Hunt for Code Red authors turns into witch hunt
29A deny involvement
Reports that the author of the infamous Code Red worm belong to virus writing group 29A have been comprehensively refuted by hacking groups and security experts alike.
In the run-up to the Hackers at Large (HAL) conference in Holland last weekend, the German newswire DPA carried reports that "computer security experts" had identified the "Dutch hacker group 29A" as source of Code Red by means of "information from online forums".
In fact, 29A are a largely Spanish group one of whose former members, Wintermute, wrote a DOS virus called RedCode, which has nothing to do with the Code Red worm.
Mental Driller, a member of 29A, has sent an email out denying its involvement in the development of Code Red, which contained destructive code that his "research virus programming group" would not include in their viruses, which he claimed were designed to show up system vulnerabilities.
We're not inclined to take statement from virus writers at face value but Mental Driller's statement is backed Frank Rieger, of respected white-hat hackers the Chaos Computer Club as well as antivirus experts.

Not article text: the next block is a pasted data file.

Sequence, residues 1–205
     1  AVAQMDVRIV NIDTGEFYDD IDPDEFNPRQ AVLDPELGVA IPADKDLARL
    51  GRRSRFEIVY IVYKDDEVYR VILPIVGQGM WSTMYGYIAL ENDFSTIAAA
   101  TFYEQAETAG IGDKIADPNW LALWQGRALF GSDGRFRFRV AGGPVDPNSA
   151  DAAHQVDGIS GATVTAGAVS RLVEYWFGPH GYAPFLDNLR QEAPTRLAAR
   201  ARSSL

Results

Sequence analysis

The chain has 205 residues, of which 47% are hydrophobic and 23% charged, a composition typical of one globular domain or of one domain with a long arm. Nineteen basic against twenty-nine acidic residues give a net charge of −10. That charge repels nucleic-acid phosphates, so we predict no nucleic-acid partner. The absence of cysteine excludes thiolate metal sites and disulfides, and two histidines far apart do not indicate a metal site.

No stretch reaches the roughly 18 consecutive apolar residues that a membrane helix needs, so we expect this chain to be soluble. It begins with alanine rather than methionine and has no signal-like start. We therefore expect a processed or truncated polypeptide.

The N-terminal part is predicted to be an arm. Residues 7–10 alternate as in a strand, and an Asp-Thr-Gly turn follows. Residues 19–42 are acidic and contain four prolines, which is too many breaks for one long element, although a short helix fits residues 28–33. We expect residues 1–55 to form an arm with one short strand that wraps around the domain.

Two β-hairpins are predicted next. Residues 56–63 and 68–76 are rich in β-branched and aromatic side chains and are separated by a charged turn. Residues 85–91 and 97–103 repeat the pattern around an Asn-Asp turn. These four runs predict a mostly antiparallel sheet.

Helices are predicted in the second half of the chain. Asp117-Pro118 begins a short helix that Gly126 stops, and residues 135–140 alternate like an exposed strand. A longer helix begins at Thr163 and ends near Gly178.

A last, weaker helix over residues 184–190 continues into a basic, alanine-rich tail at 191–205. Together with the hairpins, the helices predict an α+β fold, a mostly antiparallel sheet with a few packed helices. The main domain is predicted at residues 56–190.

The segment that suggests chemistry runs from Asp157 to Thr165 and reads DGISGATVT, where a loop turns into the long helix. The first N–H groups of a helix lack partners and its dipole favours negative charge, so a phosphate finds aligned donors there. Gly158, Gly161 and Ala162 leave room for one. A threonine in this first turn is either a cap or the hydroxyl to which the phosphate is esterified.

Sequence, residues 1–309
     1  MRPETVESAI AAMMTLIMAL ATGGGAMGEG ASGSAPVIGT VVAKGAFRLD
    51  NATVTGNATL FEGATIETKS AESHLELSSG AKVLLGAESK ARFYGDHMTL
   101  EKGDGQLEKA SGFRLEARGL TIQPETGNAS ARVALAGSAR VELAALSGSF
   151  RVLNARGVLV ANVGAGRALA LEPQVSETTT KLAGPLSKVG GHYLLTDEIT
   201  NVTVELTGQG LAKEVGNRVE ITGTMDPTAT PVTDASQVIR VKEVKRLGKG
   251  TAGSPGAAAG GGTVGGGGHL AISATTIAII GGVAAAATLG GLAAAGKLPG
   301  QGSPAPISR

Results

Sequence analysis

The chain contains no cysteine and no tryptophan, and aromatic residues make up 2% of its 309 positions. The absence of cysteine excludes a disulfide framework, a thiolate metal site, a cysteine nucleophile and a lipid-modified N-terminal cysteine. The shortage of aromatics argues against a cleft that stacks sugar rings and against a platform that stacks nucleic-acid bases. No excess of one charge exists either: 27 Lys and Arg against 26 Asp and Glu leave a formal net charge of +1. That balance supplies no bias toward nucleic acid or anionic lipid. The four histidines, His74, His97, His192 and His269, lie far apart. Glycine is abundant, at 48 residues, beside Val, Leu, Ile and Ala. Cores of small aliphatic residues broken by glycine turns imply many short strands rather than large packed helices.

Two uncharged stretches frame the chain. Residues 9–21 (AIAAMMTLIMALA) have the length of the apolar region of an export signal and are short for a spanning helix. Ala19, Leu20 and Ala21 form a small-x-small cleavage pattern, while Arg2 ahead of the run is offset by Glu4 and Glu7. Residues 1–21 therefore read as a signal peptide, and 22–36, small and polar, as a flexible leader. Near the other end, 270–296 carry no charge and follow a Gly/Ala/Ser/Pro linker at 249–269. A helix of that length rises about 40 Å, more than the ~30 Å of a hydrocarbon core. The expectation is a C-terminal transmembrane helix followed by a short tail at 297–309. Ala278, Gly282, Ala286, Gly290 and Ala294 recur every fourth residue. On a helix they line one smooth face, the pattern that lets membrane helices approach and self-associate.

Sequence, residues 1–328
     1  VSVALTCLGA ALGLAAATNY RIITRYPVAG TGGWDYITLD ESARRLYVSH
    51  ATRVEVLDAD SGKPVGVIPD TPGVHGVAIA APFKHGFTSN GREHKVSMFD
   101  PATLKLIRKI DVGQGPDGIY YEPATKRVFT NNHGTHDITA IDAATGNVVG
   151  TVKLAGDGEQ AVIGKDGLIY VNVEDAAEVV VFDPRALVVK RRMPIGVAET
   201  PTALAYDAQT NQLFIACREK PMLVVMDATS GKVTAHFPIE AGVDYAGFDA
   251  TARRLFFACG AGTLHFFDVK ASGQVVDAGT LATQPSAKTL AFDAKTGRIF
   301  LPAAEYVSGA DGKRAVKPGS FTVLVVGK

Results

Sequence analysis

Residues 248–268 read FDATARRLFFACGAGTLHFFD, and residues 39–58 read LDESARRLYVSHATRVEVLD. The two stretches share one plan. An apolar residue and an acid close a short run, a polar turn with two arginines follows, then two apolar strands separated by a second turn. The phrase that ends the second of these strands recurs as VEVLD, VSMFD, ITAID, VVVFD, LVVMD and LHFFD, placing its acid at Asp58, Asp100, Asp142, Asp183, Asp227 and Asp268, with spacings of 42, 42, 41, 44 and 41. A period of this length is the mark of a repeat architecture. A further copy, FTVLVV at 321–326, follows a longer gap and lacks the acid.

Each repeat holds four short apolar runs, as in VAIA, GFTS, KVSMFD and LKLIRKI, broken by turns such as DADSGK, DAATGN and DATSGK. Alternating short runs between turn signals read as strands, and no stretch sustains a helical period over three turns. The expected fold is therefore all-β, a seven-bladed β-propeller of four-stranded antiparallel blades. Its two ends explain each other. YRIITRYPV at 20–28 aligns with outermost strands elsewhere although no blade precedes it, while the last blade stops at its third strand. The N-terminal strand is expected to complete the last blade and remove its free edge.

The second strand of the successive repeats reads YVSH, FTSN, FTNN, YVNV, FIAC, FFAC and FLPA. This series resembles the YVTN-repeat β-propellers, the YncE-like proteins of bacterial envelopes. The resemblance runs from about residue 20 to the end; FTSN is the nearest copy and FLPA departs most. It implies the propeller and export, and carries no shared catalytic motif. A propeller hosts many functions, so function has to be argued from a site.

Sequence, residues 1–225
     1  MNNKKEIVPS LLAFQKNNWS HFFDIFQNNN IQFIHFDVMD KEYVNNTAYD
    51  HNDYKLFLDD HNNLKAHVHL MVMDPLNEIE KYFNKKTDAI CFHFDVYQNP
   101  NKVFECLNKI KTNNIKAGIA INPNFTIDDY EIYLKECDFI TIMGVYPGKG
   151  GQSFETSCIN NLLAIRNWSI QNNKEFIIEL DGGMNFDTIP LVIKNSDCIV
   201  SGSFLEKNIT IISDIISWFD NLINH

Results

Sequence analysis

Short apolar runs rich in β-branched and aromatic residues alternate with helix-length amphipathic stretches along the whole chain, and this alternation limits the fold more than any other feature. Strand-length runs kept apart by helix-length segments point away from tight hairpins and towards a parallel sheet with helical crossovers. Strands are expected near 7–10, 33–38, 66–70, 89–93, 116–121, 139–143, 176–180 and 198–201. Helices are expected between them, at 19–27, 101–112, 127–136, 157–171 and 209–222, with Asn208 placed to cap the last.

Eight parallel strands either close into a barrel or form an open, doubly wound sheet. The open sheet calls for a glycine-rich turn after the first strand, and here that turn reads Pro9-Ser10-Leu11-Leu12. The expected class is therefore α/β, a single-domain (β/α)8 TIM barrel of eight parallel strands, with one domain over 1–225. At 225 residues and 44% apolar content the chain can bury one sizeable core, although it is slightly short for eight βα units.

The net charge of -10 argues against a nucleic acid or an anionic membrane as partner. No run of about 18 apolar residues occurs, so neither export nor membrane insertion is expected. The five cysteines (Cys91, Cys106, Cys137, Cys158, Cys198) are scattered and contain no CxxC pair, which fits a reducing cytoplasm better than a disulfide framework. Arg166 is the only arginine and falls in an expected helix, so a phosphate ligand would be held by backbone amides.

Graham Cluley, senior technology consultant at antivirus vendor Sophos, said Code Red was "unlikely" to have been written by 29A because the worm didn't fit with their "style or method of attack".
29A, Hexadecimal for 666, features in the source code of Code Red and this may have led to people jumping to conclusions about the involvement of the group in writing the worm, Cluley suggested.
Frank Rieger, of Chaos Computer Club, said that erroneous reports that 29A were Dutch had caused stress for organisers of the HAL conference who feared that the DPA article would provide an excuse for the authorities to come down hard on them.
Meanwhile almost a month after its first appearance on the Internet there are few leads as to who might be behind the creation of the Code Red worm.
As previously reported, both the Code Red Worm and a more virulent variant, Code Red II, exploit a well known flaw to infect Windows servers running IIS. Once installed the worm scans the Internet for other vulnerable servers. Code Red II also has the potential to give an attacker system level access to compromised systems. ®
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